A type of controversial admixed embryo research may now grind to a halt due to a lack of funding. Three research groups in the UK have licences to generate 'cytoplasmic hybrid' embryos, but none of them have managed to secure the money they need to proceed.
The embryos are created by transferring the nucleus of a human cell to an animal egg from which the nucleus has been removed, and are considered to be genetically 99.9 per cent human and 0.1 per cent animal. They provide an alternative way of generating embryonic stem cells (ES cells), for which there is a lack of good quality human eggs available for research. ES cells can be used to study a number of diseases such as cancer, Parkinson's and Type 1 diabetes. Carrying out such research requires a licence from the Human Fertilisation and Embryology Authority (HFEA), and the embryos must be destroyed within 14 days. This type of work has been condemned by several religious leaders. An attempt to ban admixed embryo research was defeated in May 2008, and it was legalised by last year's new Human Fertilisation and Embryology Bill.
Nonetheless, the research is now languishing due to lack of funds. Dr Lyle Armstrong of Newcastle University has created 278 admixed embryos from human cells and cow eggs, but has no money to use them to generate the ES cells.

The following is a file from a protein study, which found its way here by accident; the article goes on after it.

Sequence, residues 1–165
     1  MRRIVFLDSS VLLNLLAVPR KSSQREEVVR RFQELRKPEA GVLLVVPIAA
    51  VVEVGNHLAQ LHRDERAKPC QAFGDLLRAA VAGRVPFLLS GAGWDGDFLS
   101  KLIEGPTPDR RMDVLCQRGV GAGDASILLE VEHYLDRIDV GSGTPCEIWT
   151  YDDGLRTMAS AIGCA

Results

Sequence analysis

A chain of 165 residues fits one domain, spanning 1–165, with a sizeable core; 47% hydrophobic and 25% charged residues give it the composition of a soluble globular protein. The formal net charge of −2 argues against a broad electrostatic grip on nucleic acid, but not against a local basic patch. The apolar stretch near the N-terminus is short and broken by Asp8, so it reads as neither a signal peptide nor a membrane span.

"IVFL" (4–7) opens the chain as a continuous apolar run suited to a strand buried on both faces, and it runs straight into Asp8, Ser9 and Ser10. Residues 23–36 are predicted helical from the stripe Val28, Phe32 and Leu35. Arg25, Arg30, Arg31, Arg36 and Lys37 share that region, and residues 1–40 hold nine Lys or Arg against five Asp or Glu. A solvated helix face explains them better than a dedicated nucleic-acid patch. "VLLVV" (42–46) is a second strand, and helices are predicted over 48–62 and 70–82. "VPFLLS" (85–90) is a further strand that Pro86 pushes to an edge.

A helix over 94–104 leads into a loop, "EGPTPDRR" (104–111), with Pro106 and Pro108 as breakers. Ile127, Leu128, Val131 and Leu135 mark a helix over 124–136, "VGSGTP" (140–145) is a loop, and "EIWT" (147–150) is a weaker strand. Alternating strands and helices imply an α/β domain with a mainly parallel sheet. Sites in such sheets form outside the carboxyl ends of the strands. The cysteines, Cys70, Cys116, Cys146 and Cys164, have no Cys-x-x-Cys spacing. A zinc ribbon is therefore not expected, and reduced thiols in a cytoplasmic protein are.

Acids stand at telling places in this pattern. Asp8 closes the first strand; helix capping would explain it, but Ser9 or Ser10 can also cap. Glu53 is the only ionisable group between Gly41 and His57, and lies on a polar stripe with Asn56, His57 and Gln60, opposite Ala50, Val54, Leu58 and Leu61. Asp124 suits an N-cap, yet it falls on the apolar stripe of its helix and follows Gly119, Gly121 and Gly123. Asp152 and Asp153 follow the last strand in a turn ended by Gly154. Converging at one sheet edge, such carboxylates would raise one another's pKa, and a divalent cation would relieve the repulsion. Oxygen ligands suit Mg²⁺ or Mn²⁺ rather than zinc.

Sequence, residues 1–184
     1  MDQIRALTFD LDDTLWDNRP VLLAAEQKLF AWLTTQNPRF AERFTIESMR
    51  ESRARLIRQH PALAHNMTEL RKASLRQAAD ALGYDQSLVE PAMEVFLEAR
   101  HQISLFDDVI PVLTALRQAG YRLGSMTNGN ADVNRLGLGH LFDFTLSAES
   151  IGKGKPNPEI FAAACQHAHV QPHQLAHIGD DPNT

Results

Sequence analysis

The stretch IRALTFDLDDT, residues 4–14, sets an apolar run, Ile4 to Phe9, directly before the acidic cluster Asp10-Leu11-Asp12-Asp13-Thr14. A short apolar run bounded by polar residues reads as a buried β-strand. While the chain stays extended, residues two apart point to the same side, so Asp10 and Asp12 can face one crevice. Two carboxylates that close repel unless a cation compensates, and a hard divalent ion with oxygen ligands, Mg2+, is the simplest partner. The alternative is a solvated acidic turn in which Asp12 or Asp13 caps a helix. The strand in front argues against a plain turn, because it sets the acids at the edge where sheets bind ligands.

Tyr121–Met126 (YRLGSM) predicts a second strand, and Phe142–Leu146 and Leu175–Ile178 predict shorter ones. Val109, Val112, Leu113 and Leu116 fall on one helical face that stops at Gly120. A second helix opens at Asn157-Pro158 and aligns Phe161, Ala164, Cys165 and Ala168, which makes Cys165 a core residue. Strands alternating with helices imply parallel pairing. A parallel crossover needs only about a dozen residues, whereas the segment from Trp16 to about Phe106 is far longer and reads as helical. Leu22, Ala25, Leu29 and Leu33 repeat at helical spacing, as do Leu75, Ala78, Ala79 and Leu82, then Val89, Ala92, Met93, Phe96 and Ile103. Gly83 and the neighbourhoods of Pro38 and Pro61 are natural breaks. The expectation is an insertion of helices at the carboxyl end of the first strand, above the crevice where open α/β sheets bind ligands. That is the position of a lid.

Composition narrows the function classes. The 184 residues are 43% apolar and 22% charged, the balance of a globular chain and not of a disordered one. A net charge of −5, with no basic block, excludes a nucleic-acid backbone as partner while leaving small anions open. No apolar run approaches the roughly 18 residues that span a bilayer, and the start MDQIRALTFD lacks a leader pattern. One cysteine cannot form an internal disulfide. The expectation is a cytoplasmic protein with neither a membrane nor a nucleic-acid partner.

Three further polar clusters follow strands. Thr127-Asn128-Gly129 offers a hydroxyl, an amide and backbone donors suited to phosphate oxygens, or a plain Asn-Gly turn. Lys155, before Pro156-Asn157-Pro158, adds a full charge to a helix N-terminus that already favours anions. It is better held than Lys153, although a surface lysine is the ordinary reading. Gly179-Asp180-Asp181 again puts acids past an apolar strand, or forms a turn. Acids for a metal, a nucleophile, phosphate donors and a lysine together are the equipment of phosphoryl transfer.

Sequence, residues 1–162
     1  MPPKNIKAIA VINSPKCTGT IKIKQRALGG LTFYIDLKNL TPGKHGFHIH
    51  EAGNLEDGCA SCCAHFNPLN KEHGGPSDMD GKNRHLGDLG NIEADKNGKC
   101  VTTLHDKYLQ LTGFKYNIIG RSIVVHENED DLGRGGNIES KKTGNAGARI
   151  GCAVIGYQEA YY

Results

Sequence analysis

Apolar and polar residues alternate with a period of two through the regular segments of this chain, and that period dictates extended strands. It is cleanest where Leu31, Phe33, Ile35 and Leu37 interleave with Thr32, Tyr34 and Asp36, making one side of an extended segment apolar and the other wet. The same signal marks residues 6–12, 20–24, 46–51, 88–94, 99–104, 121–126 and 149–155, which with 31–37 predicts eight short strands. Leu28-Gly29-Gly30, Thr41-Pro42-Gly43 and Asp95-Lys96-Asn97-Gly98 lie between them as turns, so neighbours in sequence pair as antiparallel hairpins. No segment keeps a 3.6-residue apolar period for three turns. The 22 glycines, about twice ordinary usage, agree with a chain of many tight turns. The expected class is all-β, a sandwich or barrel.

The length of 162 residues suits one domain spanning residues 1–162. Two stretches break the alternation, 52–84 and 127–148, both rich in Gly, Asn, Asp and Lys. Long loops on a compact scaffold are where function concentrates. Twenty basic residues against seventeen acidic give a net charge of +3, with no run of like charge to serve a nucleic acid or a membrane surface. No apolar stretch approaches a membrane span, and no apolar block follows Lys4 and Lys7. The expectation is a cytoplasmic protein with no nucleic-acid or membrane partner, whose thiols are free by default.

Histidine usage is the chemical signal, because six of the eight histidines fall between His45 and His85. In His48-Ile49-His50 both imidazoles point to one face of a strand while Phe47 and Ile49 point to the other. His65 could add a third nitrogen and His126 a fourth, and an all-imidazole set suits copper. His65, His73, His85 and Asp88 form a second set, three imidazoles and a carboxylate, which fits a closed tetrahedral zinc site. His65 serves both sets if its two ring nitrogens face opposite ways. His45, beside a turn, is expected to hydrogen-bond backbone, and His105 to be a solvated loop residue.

The Medical Research Council (MRC) has increased overall stem cell research funding from £23.6m to £25.5m, however a greater proportion is now being funnelled into research in induced pluripotent stem cells (iPS cells) , which are derived from adult skin cells, meaning there is no need to use embryos. iPS cell research was hailed as scientific breakthrough of the year by the US journal Science.
The funding bodies are vehement that they are not opposed to hybrid embryos. Sir Leszek Borysiewicz, chief executive of the MRC, said of admixed embryo research: 'Clearly, we believe there may well be great potential for this avenue of research', but added that 'Fighting for the right to carry out such research does not mean that it should get priority over other applications which score higher and hold more promise'.
However, Dr Stephen Minger of King's College London - another of the current HFEA licence holders for admixed embryo research - is not reassured. 'People reviewing grants may be looking at this from a completely different moral perspective and how much that has influenced people's perception about whether this should be funded, we don't know', he said.